A.L.Rees, writer
Lynne Reid Banks, writer
Frances Rifkin, theatre director, Utopia Arts
Leon Rosselson, singer songwriter
Martin Rowson, cartoonist
Dr Khadiga Safwatwriter
Sukhdev Sandhu, writer and historian
Dominic Saunders, pianist
Guy Sherwin, artist
Kevin Smith, art activist, PLATFORM
Prof. John Smith, filmmaker University of East London
Anne Solomon, violinist
Ahdaf Soueif, writer
Helen Statman, performer
Michael Stevens, co-director, Choir of London
Susannah Stone picture researcher,
Trevor Stuart, performer
Ingrid Swenson, director PEER
Alia Syed, artist
Jennet Thomas, artist, senior lecturer, University of the Arts
MirandaTufnell, dance artist
Prof. David Turner
Francesca Viceconti,artist
Michelene Wandor, writer
David Ward, composer
Samuel West, actor and director
Ian Wiblin, photographer
Andrew Wilson, curator
Eliza Wyatt, playwright
RobinYassin-Kassab novelist

The Times
From Steven Isserlis

Sir, I was outraged by the antics of the protesters at the Israel Philharmonic Prom concert a couple of weeks ago; but I am dismayed now to learn that four members of the London Philharmonic Orchestra have been suspended for signing their names to a letter that appeared in advance of that concert, in which it was claimed that the invitation to the Proms sent out the wrong signals to the public.
Profoundly though I disagree with the contents of that letter, it was neither disruptive nor illegal, and in no way merited such severe disciplinary action. Why is it that anything pertaining to the Israeli/Palestinian issue almost invariably results in such massive over-reaction on both sides in this country? I am reminded of the Monty Python bed salesman who was quite alright until the word ‘mattress’ was mentioned – at which point he would immediately put a paper bag over his head. Come to think of it, that might not be such a bad idea for some of the protagonists in this sorry affair.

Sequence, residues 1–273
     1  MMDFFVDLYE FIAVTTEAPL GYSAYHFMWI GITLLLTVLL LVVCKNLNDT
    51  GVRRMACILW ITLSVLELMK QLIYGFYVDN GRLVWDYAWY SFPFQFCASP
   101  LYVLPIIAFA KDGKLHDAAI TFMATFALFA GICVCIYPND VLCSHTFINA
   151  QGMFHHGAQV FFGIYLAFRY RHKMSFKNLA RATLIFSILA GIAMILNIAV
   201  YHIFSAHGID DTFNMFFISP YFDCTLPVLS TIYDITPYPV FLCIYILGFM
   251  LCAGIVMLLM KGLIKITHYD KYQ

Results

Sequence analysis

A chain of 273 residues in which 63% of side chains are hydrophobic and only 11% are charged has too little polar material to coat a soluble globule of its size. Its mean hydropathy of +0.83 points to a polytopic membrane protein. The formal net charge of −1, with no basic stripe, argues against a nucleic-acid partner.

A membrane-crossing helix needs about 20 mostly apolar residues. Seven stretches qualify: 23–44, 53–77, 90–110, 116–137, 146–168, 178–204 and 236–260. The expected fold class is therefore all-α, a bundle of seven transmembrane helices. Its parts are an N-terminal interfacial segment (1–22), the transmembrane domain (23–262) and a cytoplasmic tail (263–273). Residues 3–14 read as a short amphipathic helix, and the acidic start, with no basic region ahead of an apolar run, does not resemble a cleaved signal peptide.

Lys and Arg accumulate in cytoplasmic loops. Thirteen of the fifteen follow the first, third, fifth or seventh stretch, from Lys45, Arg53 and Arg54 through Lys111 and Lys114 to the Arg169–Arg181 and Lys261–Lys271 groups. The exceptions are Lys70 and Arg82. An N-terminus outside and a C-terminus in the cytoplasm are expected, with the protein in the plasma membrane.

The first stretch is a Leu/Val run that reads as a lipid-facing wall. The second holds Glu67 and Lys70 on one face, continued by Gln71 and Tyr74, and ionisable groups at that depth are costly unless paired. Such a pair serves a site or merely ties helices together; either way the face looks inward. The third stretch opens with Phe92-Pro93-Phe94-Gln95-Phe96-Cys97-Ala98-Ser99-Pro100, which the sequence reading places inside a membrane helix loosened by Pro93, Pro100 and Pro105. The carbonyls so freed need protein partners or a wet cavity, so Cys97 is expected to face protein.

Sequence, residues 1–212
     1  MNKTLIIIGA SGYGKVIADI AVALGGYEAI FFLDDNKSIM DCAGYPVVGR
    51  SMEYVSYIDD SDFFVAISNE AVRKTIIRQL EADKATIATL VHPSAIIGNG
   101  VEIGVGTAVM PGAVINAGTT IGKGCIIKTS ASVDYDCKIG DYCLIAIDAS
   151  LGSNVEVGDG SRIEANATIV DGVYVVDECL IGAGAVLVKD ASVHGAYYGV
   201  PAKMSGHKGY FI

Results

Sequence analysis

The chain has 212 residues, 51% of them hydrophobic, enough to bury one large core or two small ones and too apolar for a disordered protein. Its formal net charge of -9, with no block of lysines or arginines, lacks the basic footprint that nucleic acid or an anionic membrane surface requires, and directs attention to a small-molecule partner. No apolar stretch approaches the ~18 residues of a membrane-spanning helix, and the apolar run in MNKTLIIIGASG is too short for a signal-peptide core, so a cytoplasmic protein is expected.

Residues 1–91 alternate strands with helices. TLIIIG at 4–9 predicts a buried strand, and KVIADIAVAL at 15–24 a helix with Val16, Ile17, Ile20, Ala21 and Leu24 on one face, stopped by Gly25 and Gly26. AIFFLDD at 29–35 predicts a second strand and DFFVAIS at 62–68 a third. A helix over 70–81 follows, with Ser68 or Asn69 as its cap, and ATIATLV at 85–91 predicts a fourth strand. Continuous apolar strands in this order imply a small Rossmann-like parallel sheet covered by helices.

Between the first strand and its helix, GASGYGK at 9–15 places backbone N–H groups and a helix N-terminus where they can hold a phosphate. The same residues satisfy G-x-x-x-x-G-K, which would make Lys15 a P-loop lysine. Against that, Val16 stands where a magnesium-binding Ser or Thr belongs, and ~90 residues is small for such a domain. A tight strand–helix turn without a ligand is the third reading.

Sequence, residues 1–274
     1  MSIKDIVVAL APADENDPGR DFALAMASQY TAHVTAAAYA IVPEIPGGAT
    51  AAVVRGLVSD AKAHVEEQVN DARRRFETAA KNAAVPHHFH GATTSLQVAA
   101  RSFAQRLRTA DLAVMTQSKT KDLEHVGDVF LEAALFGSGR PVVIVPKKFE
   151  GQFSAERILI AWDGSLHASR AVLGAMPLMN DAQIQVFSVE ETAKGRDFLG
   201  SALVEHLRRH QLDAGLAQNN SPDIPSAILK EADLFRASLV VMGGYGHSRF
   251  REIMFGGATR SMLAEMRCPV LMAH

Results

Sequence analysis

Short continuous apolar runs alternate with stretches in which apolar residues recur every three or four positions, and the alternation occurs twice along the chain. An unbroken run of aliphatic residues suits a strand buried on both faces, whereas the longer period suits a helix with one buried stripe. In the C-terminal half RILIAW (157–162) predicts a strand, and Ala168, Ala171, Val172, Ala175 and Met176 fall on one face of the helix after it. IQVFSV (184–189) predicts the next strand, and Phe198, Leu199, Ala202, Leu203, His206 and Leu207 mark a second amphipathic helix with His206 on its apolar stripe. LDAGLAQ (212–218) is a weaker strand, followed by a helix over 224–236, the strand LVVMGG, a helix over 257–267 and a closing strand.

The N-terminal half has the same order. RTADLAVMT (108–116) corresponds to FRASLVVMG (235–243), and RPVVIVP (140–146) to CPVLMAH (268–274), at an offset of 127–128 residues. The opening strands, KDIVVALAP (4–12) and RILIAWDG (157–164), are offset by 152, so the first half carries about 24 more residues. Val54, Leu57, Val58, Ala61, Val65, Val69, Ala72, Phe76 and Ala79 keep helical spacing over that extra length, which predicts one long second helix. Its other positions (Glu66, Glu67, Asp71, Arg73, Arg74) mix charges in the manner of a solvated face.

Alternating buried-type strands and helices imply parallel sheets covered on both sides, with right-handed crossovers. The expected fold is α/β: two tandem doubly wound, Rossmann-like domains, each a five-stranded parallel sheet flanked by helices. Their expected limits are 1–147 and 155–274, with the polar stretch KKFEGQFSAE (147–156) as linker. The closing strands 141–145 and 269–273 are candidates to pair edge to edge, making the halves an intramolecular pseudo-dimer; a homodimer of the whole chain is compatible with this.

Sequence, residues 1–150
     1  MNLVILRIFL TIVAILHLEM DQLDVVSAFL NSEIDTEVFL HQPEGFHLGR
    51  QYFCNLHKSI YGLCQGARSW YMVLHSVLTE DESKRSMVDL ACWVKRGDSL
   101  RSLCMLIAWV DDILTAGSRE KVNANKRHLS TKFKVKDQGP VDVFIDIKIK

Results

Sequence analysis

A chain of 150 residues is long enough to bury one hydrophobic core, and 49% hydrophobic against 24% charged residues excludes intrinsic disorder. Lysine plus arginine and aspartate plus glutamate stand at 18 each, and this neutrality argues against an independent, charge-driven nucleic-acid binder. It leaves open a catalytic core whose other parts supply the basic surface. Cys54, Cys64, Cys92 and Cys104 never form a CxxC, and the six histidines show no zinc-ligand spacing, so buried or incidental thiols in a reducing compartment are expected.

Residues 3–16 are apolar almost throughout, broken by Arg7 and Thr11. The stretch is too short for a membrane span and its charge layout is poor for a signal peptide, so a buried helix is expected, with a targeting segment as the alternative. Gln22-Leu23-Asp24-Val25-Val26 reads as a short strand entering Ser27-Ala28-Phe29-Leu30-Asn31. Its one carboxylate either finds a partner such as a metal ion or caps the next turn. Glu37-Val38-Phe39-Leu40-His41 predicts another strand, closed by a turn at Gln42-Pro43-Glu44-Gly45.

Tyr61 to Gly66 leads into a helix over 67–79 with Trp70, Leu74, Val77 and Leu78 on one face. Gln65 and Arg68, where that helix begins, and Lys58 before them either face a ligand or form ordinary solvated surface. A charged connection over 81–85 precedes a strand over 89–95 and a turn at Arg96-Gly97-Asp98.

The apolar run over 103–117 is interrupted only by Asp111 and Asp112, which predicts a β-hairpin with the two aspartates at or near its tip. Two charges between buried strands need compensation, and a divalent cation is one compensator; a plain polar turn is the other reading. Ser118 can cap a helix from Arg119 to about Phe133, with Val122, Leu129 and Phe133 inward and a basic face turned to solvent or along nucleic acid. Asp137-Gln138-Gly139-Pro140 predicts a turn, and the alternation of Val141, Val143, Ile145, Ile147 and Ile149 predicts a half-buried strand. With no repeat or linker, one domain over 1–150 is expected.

Steven Isserlis, London N1

Suspension of orchestra members could set dangerous precedent
Letters, Guardian

The chairman of the LPO has a poor grasp of its history if he claims that “for the LPO, music and politics do not mix”. Among the many occasions when they have mixed at the LPO, the most notorious was the sacking of its highly admired manager Thomas Russell in 1952 because he was a communist. The trumped-up charges were brought by conductor Adrian Boult, who was swayed by cold war motives. Russell originated the outreach and marketing schemes for British orchestras that remain in place today.
Richard Witts
Edge Hill University

Whatever one feels about cultural boycotts (I am almost always opposed), it was astonishing to read (Report, 17 September) that the LPO has suspended four musicians for signing a letter to the press that urged a cancellation of the Israel Philharmonic Orchestra concert at theProms. Tim Walker, the LPO’s chief executive, stated that “the orchestra would never restrict the right of players to express themselves freely, however such expression has to be independent of the LPO itself”. But although identifying themselves as members of the London Philharmonic, the musicians were clearly expressing their own views and made no attempt to associate their orchestra with their personal political stance. It would appear that it is actually Walker and the LPO’s chairman, Martin Hohmann, who are mixing up music and politics, thus damaging the reputation of one of Britain’s great orchestras. It could set a dangerous precedent, and one can only hope that they and their board come to see sense and rescind their decision.
Ellen Dahrendorf

• The London Philharmonic Orchestra has said the actions of the four members it has suspended “will not be tolerated”. There is something out of tune about an orchestra that does not “tolerate” freedom of expression. I do not support the cultural boycott of Israel. But I do believe in a society where people who do so are at liberty to speak out, identifying themselves professionally, without losing their jobs and jeopardising their careers.

Whether my college agrees with me I do not know. But I am happy to say that I do not feel apprehensive about giving my affiliation, nor should I. Nor should anyone – especially when their affiliation is as relevant to the issue as it was in this case, where the letter began “As musicians … “.
Dr Brian Klug